Cold sores ( Herpes simplex ) - Management of Infection Guidance for Primary Care

Publication: 30/09/2010  --
Last review: 15/03/2016  
Next review: 05/12/2020  
Clinical Guideline
CURRENT 
ID: 2265 
Approved By:  
Copyright© Leeds Teaching Hospitals NHS Trust 2016  

 

This Clinical Guideline is intended for use by healthcare professionals within Leeds unless otherwise stated.
For healthcare professionals in other trusts, please ensure that you consult relevant local and national guidance.

Cold sores (Herpes simplex)

Illness

Comments

Cold sores (Herpes simplex)
CKS

Cold sores resolve after 7–10 days without treatment. Topical anti-virals applied pro-dromally reduce duration by 12-24hrs 1,2,3B+
Prophylaxis may be considered for patients who suffer from severe recurrent cold sores

Principles of Treatment

  1. This guidance is based on the best available evidence but its application must be modified by professional judgement.
  2. Where a ‘best guess’ therapy has failed or special circumstances exist, microbiological advice can be obtained from LTHT Microbiology (Mon-Fri 9am-5pm and Sat and Sun 9am-1pm: 0113 39 23962/28580; Otherwise via LTHT switchboard - ask for the On call Microbiology Registrar)

Provenance

Record: 2265
Objective:
  • to provide a simple, empirical approach to the treatment of common infections
  • to promote the safe, effective and economic use of antibiotics
  • to minimise the emergence of bacterial resistance and reduce the incidence of Healthcare Associated Infections in the community
Clinical condition:

Cold sores (Herpes simplex)

Target patient group:
Target professional group(s): Primary Care Doctors
Pharmacists
Adapted from:

This guidance was initially developed in 1999 by practitioners in South Devon, as part of the S&W Devon Joint Formulary Initiative, and Cheltenham & Tewkesbury Prescribing Group and modified by the PHLS South West Antibiotic Guidelines Project Team, PHLS Primary Care Co-ordinators and members of the Clinical Prescribing Sub-group of the Standing Medical Advisory Committee on Antibiotic Resistance. It was further modified following comments from Internet users. The guidance has been updated annually as significant research papers, systematic reviews and guidance have been published. The Health Protection Agency works closely with the authors of the Clinical Knowledge Summaries.


Evidence base

Grading of guidance recommendations
The strength of each recommendation is qualified by a letter in parenthesis.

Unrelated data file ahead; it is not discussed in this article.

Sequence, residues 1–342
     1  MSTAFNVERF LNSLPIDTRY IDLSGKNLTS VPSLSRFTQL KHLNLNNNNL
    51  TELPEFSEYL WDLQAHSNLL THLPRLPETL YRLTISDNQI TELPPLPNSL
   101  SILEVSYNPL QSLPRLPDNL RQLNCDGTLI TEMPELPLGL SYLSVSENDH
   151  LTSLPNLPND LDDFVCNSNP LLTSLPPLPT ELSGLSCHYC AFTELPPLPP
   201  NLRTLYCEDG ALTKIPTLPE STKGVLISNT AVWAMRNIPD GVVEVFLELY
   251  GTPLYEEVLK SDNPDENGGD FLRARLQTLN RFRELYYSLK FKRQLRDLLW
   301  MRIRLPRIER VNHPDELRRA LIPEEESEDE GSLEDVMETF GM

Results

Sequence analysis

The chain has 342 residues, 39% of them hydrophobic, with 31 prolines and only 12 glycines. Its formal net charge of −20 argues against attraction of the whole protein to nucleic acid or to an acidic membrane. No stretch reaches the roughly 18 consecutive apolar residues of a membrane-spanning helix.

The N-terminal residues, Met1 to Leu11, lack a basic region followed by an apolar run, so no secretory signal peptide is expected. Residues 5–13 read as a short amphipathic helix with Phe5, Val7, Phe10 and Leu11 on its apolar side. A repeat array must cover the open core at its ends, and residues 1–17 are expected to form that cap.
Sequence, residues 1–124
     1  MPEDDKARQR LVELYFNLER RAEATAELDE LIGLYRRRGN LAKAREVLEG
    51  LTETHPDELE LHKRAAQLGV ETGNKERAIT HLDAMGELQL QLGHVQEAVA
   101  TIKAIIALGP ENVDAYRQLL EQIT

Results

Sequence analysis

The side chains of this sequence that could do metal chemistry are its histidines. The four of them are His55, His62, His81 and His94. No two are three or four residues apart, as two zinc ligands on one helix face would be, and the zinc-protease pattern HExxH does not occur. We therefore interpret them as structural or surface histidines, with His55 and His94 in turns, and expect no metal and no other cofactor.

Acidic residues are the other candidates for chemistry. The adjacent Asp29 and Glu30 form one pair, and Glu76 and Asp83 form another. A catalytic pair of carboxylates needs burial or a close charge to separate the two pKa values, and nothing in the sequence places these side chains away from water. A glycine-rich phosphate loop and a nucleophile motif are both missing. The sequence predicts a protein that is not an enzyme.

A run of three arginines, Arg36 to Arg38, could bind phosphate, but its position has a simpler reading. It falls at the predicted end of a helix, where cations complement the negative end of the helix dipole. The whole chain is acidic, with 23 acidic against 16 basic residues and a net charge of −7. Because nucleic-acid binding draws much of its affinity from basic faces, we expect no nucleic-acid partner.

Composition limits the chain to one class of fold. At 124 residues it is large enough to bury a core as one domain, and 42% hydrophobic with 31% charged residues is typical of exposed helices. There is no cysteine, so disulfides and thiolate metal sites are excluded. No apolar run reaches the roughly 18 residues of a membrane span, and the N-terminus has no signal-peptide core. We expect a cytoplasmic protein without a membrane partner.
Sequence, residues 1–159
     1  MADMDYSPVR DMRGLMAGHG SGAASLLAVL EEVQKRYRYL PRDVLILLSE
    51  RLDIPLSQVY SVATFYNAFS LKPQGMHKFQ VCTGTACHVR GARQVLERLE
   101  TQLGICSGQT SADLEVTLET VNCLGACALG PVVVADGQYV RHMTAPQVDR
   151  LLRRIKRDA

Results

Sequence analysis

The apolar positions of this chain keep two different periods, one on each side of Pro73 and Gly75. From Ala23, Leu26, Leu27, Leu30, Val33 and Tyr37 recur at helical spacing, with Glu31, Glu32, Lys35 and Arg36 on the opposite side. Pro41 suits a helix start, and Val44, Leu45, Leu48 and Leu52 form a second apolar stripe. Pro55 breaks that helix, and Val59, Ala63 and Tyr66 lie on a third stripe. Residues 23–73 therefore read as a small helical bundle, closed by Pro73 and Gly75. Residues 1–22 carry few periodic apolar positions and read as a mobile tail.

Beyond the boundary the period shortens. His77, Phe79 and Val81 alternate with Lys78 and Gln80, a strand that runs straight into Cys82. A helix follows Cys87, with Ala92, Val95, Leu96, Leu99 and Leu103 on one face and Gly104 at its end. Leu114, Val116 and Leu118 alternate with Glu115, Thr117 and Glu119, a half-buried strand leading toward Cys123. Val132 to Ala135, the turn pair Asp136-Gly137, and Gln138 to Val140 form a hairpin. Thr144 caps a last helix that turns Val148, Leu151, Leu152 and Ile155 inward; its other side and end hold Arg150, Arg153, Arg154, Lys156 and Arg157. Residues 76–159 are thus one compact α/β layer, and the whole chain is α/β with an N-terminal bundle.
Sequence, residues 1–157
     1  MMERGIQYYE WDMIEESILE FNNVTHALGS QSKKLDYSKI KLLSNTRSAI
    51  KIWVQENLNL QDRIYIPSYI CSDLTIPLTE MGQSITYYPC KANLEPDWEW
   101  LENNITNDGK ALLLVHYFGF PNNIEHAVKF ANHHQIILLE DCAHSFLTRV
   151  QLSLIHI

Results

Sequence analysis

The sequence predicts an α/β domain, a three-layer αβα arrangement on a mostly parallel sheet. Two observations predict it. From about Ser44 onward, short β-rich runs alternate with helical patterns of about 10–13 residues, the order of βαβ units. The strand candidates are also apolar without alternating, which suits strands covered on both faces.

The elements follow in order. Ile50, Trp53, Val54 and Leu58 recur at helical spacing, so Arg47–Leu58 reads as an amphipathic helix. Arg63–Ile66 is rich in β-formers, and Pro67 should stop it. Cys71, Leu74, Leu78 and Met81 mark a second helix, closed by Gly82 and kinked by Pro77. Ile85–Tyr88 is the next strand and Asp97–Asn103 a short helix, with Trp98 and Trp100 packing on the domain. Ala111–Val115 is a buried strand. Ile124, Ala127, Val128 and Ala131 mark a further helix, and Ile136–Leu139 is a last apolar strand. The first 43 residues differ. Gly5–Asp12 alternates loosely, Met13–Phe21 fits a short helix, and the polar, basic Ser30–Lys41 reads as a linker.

Study design

Recommendation
grade

Good recent systematic review of studies

A+

One or more rigorous studies, not combined

A-

One or more prospective studies

B+

One or more retrospective studies

B-

Formal combination of expert opinion

C

Informal opinion, other information

D

Letters indicate strength of evidence:
A+ = systematic review: D = informal opinion
Cold sores

  1. Sprurance SL, Nett R, Marbury T, Wolff R, Johnson J, Spaulding T. Aciclovir cream for the treatment of herpes labialis: results of two randomized, double-blind, vehicle-controlled, multicentre clinical trials. Antimicrob Agents Chemother 2002;46:2238-2243. RATIONALE: Aciclovir 5% cream reduced the mean duration and pain of an episode by about half a day.
  2.  Sprurance SL, Rea TL, Thoming C, Tucker R, Saltzman R, Boon R. Penciclovir cream for the treatment of herpes simplex labialis. A randomized, double-blind, multicentre, placebo-controlled trial. JAMA 1997;277:1374-1379. RATIONALE: Penciclovir 1% cream reduced the mean duration of cold sores by 0.7 days.
  3. Raborn GW, Martel AY, Lassonde M, Lewis MA, Boon R, Sprurance SL. Effective treatment of herpes simplex labialis with penciclovir cream: combined results of two trials. J Am Dent Assoc 2002;133:303-309. RATIONALE: Penciclovir cream reduced the mean duration of cold sores by 1 day.
  4. Arduino PG and Porter SR. Oral and perioral herpes simplex type 1 (HSV-I) infection: review of its management. Oral Dis 2006;12(3):254-70. RATIONALE: Prophylaxis with oral antivirals may be of use for those with frequent, severe episodes, or predictable triggers e.g. sunlight, or for immunocompromised individuals (i.e. at higher risk of complications). Seek specialist advice if long-term prophylaxis is being considered.

Document history

LHP version 1.0

Related information

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